The thankless job in the kitchen | AspenTimes.com

The thankless job in the kitchen

Janet Urquhart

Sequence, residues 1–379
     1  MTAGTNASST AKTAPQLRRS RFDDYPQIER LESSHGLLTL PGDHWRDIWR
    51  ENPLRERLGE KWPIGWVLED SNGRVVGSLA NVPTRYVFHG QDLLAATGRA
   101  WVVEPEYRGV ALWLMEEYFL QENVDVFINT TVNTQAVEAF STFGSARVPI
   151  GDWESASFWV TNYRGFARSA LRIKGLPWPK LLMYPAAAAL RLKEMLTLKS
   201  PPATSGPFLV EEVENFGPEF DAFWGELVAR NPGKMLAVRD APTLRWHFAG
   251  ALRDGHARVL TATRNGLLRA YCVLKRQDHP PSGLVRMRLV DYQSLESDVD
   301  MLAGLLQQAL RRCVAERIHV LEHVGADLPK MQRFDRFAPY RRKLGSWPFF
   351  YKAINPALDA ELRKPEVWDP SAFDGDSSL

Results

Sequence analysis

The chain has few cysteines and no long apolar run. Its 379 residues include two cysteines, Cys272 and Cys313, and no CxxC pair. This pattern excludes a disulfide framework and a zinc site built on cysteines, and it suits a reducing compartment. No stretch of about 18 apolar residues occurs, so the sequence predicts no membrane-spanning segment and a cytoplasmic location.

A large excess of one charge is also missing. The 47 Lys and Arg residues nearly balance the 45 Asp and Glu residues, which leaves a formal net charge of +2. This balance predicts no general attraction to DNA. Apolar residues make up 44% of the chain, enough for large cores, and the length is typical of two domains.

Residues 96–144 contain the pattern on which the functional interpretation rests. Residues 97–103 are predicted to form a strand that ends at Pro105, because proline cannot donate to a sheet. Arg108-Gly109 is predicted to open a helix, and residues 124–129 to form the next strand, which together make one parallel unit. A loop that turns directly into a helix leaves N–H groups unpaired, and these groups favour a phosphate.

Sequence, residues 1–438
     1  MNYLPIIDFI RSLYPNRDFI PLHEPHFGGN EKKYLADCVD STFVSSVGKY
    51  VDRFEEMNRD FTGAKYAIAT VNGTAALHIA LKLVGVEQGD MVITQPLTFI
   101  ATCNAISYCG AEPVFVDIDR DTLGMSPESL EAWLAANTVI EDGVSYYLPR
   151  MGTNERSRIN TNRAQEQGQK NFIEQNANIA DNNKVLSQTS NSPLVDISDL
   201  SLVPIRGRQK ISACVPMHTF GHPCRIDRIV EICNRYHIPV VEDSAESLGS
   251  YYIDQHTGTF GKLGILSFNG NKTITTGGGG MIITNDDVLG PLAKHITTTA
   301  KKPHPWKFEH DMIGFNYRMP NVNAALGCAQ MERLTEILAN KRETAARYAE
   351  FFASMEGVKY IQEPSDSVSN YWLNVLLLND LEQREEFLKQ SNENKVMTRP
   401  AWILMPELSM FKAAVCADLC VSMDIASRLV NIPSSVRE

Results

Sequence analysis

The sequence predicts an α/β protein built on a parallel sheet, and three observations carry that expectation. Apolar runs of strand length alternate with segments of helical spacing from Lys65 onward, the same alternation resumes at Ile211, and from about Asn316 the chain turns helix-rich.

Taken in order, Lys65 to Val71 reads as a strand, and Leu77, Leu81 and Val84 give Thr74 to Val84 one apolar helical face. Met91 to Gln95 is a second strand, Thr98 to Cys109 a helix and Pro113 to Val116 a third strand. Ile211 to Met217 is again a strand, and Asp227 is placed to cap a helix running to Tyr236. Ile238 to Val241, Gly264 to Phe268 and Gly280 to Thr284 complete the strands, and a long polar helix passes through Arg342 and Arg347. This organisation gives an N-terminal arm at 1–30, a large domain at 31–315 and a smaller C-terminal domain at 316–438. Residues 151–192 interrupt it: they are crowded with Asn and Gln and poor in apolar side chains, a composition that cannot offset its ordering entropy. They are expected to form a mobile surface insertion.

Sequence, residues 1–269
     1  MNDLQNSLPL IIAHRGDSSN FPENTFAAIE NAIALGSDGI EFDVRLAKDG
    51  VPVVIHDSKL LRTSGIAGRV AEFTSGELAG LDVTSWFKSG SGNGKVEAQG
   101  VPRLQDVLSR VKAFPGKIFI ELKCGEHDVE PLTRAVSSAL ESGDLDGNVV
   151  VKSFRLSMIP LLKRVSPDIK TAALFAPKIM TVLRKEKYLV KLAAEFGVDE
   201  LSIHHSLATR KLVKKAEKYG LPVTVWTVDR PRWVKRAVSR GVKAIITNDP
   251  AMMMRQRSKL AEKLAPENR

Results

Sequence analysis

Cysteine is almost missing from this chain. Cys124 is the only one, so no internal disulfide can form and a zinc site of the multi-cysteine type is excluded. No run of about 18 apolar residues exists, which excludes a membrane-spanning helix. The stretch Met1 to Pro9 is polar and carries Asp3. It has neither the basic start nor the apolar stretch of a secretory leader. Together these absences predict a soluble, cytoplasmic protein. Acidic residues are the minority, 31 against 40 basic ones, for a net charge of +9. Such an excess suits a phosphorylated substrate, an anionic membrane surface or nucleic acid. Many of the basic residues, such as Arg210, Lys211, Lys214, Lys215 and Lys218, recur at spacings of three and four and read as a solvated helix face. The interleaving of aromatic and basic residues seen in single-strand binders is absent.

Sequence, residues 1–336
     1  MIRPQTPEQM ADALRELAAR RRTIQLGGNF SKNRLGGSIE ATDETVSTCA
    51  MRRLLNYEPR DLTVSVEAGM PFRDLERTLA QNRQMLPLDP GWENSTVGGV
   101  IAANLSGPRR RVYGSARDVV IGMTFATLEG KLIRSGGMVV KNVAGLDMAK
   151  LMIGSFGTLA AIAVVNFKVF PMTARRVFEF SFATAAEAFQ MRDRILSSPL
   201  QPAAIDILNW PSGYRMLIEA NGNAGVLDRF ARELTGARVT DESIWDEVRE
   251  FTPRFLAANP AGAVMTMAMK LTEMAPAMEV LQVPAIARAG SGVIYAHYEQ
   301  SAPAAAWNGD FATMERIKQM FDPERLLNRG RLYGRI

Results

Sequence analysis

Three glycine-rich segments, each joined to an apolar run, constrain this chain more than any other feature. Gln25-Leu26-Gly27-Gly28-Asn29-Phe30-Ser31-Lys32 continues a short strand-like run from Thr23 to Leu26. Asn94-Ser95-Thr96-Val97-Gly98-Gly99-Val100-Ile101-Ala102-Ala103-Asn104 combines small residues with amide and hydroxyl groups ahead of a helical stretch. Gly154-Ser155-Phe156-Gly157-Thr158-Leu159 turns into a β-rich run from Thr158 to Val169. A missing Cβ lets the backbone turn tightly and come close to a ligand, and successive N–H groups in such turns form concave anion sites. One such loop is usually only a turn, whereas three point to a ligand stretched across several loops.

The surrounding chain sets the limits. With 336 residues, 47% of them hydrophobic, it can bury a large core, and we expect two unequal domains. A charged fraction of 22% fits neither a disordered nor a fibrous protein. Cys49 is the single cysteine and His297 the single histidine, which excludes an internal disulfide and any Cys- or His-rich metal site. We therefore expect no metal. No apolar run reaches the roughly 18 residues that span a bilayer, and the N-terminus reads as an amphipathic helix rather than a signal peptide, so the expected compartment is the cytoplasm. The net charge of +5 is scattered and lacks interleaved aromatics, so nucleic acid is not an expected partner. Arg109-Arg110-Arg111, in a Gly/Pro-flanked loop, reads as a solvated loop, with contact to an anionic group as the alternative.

I hope next week’s Thanksgiving guests at my house have something other than the invitation to dinner for which to be thankful, since I’ve been nominated to handle the cooking.I’m envisioning a multicourse affair – whenever something happens to be ready, we’ll eat it. Items will appear randomly in the buffet line – maybe the obligatory cylinder of can-molded cranberry sauce as an appetizer, giblets at noon, mashed potatoes at some point later, and so on. Gravy will be the final, possibly lumpy course, unless my pumpkin pie turns out better than last time. The Pentagon may be interested in my pie crust recipe. Its impervious surface could play a vital role in our national defense.Maybe I’ll just make mincemeat. Everyone will decline a slice out of fear of the mystery “meat” and they’ll never know whether it was edible or not.To say we’re inadequately prepared for dinner guests is putting it mildly. We own four plates and two chairs, but there will be five people. Nothing like inviting people to dinner and then requesting they bring their own dinnerware. We should slip in other innocuous requests, as well. “You’ll need to bring a chair. Oh, and could you bring a roasted turkey while you’re at it?”Yes, while others are hitting the slopes on opening day Thursday, I’ll have my hand stuffed up a turkey’s butt, trying to pry still-frozen giblets from the fowl orifice while I place my third call of the morning to the Butterball hot line. I need to ask the experts if my prior use of the turkey baster to pick particulate matter from the hot tub is problematic.Turkey is a given as the entree, but what else we manage to produce from our brimming cornucopia remains a matter of household debate. We have yet to agree on whether it’s “stuffing” or “dressing,” let alone what kind to make. It has been suggested that I whip up a batch of cornbread on Thanksgiving morning so I can then proceed to make cornbread dressing. I’m advocating the kind you pour out of a bag and mix with hot water, just like the pilgrims did.Who first came up with the idea of stuffing wet cubes of bread inside poultry, anyway?Far more brilliant is the traditional green bean casserole. I’m a big fan of the bean thing, if only because it’s a dish that’s virtually impossible to screw up. The most technical aspect about it is the operation of a can opener. And, it has those irresistible, crunchy onion things. They’re a bigger mystery than mincemeat. How can anything be that crunchy and that greasy at the same time?Anyway, I’m pretty sure I can have it ready in time to coincide with the opening of a bag of dinner rolls, thereby giving our guests an opportunity to sop up remnants of cream of mushroom soup with the bread course.They’ll be thankful for the sustenance when it turns out the turkey won’t be ready for another three hours.I’ll be thankful that Thanksgiving comes just once a year.Janet Urquhart is thankful for turkey sandwiches. Her e-mail address is janet@aspentimes.com

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